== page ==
I'm very sorry it's a terrible terrible thing to have I wouldn't wish it to anyone.
 

sunkacola

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Hello ,

I've also been recently diagnosed with Fibromyalgia and right bertolotti syndrome at the same time. I used to have horrible sciatic pains in my right leg since childhood but my GP would tell that it's just growing pains. My fibromyalgia started 6 weeks after my baby was born and I went from healthy active 26 years old to not being able to walk for more than 5-10 minutes.My legs are constantly burning and twitching and I get flare ups when the weather is changing then I will get brain fog , and burning in joints all over my body. I take 30 mg of Amitriptyline as I'm breastfeeding doctors wouldn't give me anything else so it does help with sleep but not so much with pain I think I need higher dose. When I was diagnosed in June my rheumatologist mentioned Tai chi , cutting off caffeine and pacing yourself throughout the day. I go see chiropractor once a month and it helps with tender points as he works on my muscles. My advice would be don't cut off all physical activity because you will notice your ability to walk will get worse. Try to manage same activity level throughout the day.
I'm very sorry it's a terrible terrible thing to have I wouldn't wish it to anyone.
I made a post with a lot of ideas for managing fibro without using drugs, and you may want to check it out. I hope something there helps you!
 

Creola17

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I'll just add that changing my eating habits has really helped me to have fewer attacks. I stopped eating sugar, dairy, grains and night shade vegetables . I LOVE the food and learning new recipes. Cheese bread, candy, I make it all. My husband loves it and feels really good (he's 77 but feels like 50). And you end up losing weight without trying.. Try and stay away from drugs, they only cause other problems. There are many supplements that help. Also tropicals can be wonderful.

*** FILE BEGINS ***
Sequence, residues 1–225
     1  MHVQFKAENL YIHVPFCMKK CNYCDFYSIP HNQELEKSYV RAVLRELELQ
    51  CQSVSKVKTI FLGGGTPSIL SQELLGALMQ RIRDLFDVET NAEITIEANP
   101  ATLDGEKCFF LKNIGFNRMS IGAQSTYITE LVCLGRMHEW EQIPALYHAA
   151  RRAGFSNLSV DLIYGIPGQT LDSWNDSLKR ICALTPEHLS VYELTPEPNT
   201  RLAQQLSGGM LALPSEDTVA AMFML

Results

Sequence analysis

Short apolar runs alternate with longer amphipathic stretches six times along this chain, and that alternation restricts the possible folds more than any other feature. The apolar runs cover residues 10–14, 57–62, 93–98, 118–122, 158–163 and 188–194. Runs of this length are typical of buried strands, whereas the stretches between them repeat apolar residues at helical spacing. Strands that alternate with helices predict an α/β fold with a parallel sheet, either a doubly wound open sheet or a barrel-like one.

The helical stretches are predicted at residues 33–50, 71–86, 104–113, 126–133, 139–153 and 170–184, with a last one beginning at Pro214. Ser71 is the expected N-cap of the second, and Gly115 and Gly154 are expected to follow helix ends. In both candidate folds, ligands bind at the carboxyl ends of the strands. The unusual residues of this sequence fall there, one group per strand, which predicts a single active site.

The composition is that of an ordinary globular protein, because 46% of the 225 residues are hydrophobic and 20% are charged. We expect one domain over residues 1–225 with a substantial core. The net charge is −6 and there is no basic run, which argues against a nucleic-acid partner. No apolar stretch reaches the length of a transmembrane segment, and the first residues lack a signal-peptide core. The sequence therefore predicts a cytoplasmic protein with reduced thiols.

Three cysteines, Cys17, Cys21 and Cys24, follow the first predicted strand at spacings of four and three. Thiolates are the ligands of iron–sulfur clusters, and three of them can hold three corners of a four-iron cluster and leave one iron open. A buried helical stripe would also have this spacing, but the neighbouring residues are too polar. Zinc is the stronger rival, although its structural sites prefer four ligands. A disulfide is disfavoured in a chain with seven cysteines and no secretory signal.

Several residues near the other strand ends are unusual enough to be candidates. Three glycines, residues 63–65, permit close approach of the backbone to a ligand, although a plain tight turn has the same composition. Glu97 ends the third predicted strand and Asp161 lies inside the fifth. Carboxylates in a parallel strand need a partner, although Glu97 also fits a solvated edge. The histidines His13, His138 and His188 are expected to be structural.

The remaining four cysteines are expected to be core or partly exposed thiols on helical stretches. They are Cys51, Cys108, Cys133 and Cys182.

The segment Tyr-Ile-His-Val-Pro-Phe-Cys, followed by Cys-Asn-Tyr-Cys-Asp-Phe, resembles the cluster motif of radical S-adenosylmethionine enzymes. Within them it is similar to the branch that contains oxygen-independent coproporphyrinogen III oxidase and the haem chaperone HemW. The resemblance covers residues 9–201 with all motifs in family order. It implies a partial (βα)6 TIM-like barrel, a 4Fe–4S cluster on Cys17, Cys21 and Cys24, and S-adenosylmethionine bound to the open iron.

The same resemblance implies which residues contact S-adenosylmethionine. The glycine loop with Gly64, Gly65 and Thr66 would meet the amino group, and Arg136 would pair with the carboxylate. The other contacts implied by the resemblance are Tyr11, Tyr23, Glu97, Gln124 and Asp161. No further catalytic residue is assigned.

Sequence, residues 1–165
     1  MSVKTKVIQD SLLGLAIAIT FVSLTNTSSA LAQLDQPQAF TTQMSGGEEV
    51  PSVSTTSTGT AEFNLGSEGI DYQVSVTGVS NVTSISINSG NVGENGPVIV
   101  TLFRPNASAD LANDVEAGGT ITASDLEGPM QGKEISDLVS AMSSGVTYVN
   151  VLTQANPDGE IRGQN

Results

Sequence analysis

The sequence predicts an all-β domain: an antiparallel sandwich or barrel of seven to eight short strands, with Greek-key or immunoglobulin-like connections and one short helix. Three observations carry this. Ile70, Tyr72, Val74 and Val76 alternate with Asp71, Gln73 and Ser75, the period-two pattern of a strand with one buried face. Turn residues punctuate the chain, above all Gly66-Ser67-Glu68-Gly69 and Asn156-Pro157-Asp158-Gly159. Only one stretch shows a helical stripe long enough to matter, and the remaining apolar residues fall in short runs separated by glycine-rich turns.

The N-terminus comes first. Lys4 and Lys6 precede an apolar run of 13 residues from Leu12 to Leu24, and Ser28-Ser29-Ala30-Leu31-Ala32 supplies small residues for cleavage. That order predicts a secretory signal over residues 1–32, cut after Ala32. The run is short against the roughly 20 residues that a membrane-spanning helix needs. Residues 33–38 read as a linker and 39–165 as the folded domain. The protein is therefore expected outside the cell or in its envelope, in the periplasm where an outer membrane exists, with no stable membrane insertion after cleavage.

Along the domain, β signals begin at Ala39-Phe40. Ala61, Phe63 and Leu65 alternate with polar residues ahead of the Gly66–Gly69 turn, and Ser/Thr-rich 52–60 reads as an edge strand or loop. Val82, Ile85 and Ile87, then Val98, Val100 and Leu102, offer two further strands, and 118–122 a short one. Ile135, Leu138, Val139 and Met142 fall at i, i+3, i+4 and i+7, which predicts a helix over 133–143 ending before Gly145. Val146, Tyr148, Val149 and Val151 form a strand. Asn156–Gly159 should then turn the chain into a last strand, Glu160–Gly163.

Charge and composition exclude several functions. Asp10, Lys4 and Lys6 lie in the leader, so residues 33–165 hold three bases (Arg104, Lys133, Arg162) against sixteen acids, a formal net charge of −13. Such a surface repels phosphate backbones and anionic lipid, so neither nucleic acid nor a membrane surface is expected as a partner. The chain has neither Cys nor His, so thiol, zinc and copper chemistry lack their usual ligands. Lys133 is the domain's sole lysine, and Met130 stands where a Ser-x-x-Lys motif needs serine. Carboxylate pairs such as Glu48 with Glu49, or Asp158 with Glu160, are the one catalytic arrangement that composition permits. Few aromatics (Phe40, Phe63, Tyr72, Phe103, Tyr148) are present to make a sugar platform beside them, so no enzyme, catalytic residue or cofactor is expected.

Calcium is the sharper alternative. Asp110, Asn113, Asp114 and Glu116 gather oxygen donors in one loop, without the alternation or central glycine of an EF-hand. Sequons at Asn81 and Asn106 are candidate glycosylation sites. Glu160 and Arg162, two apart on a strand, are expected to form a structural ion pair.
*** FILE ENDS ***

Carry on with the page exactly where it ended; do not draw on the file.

It still sucks big time to have this pain but try to look at the positives like having a great husband. I am very lucky.
(((gentle hugs)))
 

Creola17

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I can't believe I forgot the most helpful medicine for me has been marrijuana. CBD, eatables, and RSO. For pain, attitude and sleep.
 

JayCS

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LDN completely cured me now for almost a year
I've re-skimmed scientific evidence (20 pubmed-studies, most 2018-2020, the earliest 2009) and many forum posts here and elsewhere on LDN.
I'd suggest it's nothing to plug too much, as evidence is very limited (too small studies) and some people are not helped by it or have quite some sfx;
but something to try, as the risks are low, it's cheap, some are helped, there is also no evidence against it, some suggest that it stimulates the body to take over, so you can maybe reduce the dose after a time. (Can you?)
The newest pubmed-study (2021) agrees: "FM may also be treated with LDN. The main limitation of the findings was lack of a randomized control group treated with placebo."
There are definitely more testimonials for it than for "my" GABA.
The biggest impression I have from all the forum discussions everywhere is that the testimonials are so exuberant that it turns people off of trying it and that moderators often try to tone it down -
similar to other topics with ardent supporters like guaifenesin or thyroid supposedly being the real issue behind FM, which also rely mainly on testimonies.
Thinking about it: That is one of the reasons for having shoved it off my list, which is unfair I spose.
Maybe if the testimonies toned it down, its image/repute would increase.
Gonna have a look at the testimonies for and especially against more closely now - however maybe not on the Research Trust site, or only very critically.
 
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JayCS

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Ha, interesting. I actually caught myself getting carried away by the idea of a miracle cure... really, I was thinking: Wdnt it be great only having to take LDN, leave the 13 supps, the hours of self-treatment and treatment behind me... Oooooh yessss....